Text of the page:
sheep) and horse (for cavalry). Culturally, the Western Sudan was partly Islamic by
1400-1600.

On the other hand, Asante, Fante, Ewe-Foh, Yoruba, Ijaw, Ibibio, Efik and Igbo were forest
Africans mainly. The forest was and is infested by the tsetse fly. Malaria and sick1e cell
anaemia are endemic diseases. Agriculture was (and is) known in tropical crops such as
yams and pahn oil, supplemented by chickens (Guinea fowl) and fish. Yarn, the oil palm
and chicken are counted as domesticated in this zone of Africa.

Next, the “homeland” of most of the Bantus in the New World was the River Basin of the
Congo. The co-system was and is a mix of the Western Sudan and the Forest of West
Africa. Grain and tropical crops were cultivated. On account of the tsetse fly, however,
cattle, sheep and horses were not present. Further inland, however, cattle formed a key part
of the political economy of inland Bantus.

The culture of the Africans in the forests of West Africa and in the mixed ecology of the Congo River Basin
was non-islamic by and large, before and after 1400-1600.

Whether inhabiting the Western Sudan, Forest or the Congo River Basin, these Africans by 1400-1600 lived
in so-called Iron Age Societies. The term refers to a sub-Saharan version of the Agricultural-Urban
Transformation that had produced the civilizations of the Nile Valley, Iran-Iraq, India etcetera. The Iron Age
„revolution‟ reached Africa under the Sahara from 3-2000 B.C.: coinciding with the use of technologies of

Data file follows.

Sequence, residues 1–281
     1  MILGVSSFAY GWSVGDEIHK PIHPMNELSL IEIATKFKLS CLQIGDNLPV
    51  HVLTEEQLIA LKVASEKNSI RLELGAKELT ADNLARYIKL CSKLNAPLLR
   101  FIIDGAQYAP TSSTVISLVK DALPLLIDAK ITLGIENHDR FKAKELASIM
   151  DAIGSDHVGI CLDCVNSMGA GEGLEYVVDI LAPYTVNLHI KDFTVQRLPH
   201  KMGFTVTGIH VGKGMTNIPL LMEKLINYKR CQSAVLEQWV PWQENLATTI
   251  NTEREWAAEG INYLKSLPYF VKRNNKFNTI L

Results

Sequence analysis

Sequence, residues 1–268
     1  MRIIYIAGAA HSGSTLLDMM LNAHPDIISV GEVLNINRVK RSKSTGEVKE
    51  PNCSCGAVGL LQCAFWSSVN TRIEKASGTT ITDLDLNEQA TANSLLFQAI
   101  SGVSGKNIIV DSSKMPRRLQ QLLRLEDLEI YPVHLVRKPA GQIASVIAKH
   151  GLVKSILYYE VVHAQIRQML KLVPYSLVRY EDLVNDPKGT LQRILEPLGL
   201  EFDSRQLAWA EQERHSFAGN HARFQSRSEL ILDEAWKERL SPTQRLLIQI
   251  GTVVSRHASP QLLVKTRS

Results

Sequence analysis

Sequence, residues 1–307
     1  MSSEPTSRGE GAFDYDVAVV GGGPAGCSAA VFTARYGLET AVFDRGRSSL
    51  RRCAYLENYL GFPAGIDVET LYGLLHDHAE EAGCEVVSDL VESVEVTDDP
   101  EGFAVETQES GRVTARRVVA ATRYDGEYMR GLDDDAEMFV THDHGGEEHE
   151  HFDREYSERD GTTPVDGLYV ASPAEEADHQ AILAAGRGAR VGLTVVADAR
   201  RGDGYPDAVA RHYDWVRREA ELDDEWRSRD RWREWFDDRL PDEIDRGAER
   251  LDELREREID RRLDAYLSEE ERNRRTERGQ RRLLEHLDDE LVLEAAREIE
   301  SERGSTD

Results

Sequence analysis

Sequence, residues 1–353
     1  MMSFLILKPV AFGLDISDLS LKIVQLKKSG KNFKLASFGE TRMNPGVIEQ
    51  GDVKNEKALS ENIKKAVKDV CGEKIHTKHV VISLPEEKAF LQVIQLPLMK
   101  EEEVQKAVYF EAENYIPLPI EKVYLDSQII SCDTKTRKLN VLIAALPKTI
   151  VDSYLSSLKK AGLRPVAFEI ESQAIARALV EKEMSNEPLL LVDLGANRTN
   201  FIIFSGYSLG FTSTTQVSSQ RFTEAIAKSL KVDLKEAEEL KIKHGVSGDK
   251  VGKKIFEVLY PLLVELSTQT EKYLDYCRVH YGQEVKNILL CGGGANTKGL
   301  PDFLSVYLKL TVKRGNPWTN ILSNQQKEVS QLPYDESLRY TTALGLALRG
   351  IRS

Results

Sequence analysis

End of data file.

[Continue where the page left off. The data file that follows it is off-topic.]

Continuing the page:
melting iron, bronze and copper.
On the foundations of this Iron Age „revolution‟ from 3-2000 B.C., many complex societies
were in existence by 1400-1600. AD knew of agriculture of different types, including
growing rice in wetlands; metalurgy (iron, copper, bronze) which was applied to warfare
and to art; knowledge of Sirius A and B in the galaxy, numerology, on the basis of which
calendars and sense of time were mounted; and , most importantly, religion with Creation
Stories. Commerce, international and regional, was known to most of these Africans. The
commerce involved slave-trading across the Sahara, for example. The labor used within
domestic economies and in regional and international commerce was slave-based to some
extent. Currencies of varied kinds (gold and gold dust, copper, salt and imported
cowrie-shells) underpinned the political economies of the varied Africans.

Over millennia, the above West and Central African languages of the different groups of
„naciones‟ in the words of Sandoval, the l7th century Jesuit anthropologist -historian, had
diverged and were generally unintelligible the one to the other. However, contact across
elastic frontiers before and after 1450 had contributed to some breaking-down of linguistic
and cultural barriers. To be specific, the language had emerged as an lingua franca across
coastal Senegal-Gambia- Sierra Leone-Liberia and their hinterlands by virtue of Mande
imperialism and commercial dominance under the Empires of Ghana and Ancient Malí
from the late B.C. era to the period of contact with Portugal and Europe in the mid-15th
century.

The same was true of Yoruba linguistic and cultural influence astride West Nigeria and Dahomey by and after
1450. Yoruba in Nigeria and Ewe-Foh in Dahomey (and some of the languages in today‟s Togo and East
Ghana) were becoming mutually intelligible.

In the new World, we know of pidgín languages: a mix of African, Amerindian and
European languages. We also know of religion-cultural „syncretism‟, “reinterpretations”,
and “transculturations” The Epistemological and pedagogical point for African Diaspora
Studies is that African-to-African pidgin formations. as weIl as religio-cultural interactions,